The purge gas is supplied from the purge gas supply paths 75 toward the lower surface side of the wafer to the ring member 90 at a flow rate of, e.g., 100 cc/min to 2000 cc/min, and almost all the purge gas flows outward from the peripheral edge portion of the wafer through the flow path between the ring member 90 on the semiconductor wafer S and the projection 71a of the side wall 71 as represented by an arrow in FIG. 16. For this reason, the process gas is prevented from going around the peripheral edge portion and the lower surface of the wafer. As a result, the W film is prevented from being deposited on the peripheral edge portion and the lower surface of the wafer. In addition, since the purge gas flows outward from the wafer without interrupting the flow of the process gas flowing toward the wafer, uniform film formation can be performed with respect to the surface of the wafer. Note that since each gap between the lower surface of the inner peripheral edge portion of the ring member 90 and the surface of the wafer is formed at about 10 μm to 20 μm, the purge gas does not go around the surface of the wafer through the gap.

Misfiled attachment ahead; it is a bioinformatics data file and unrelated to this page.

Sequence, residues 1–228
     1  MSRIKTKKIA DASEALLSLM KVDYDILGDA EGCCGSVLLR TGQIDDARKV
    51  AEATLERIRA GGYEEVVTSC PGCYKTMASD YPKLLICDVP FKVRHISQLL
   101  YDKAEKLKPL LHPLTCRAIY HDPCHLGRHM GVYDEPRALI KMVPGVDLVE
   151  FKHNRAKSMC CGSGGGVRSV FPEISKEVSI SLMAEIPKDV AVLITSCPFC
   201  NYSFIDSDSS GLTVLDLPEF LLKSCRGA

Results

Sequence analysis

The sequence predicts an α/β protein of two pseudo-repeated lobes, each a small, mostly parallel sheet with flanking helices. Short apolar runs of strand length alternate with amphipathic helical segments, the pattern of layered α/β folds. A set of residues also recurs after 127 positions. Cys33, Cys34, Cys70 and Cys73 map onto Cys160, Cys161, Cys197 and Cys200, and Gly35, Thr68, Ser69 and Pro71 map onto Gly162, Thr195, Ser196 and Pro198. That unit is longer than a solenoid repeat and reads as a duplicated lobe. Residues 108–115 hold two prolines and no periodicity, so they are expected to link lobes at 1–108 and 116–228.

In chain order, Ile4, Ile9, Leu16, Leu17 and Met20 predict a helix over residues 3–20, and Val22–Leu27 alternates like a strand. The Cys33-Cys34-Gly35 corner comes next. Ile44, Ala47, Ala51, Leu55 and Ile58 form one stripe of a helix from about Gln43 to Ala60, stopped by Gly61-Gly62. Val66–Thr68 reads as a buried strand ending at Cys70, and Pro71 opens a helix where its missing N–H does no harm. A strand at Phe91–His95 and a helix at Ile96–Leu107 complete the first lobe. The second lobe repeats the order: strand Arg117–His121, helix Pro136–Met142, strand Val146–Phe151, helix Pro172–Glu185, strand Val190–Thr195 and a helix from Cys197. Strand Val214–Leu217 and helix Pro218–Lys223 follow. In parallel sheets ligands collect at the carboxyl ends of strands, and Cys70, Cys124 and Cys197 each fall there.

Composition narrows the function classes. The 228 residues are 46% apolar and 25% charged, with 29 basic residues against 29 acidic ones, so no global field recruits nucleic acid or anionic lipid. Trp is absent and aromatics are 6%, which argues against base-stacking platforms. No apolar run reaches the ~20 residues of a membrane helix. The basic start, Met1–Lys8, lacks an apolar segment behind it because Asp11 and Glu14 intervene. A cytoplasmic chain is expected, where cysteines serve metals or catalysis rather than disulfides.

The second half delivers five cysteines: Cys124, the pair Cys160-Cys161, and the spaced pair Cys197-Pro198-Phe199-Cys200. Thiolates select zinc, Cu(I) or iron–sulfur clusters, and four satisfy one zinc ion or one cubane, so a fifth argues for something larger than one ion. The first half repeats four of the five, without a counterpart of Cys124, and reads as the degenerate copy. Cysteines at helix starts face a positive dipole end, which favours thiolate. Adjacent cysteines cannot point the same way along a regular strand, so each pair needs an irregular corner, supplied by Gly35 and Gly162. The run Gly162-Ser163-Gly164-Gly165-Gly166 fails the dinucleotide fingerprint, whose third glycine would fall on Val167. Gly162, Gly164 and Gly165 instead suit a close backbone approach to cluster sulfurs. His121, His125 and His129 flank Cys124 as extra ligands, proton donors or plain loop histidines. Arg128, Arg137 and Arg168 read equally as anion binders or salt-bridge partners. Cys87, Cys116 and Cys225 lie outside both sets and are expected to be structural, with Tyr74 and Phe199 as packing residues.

After the film formation process with respect to the wafer is performed in this manner, the ring member 90 is moved above the wafer by the lifting mechanism 94 to be dismounted from the peripheral edge portion of the wafer, and is unloaded outside the process chamber 70 by the convey arm (not shown) through the load/unload port (not shown).

In this embodiment, the purge gas supplied from the lower surface side of the wafer is communicated outward from the peripheral edge portion of the wafer by covering the peripheral edge portion of the wafer using the ring member 90. With this arrangement, the process gas is prevented from going around the peripheral edge portion of the wafer. As a result, the W film is prevented from being deposited on the peripheral edge portion and the lower surface of the wafer. In addition, since the purge gas flows outward from the wafer without interrupting the flow of the process gas uniformly flowing toward the wafer, uniform film formation can be performed with respect to the wafer.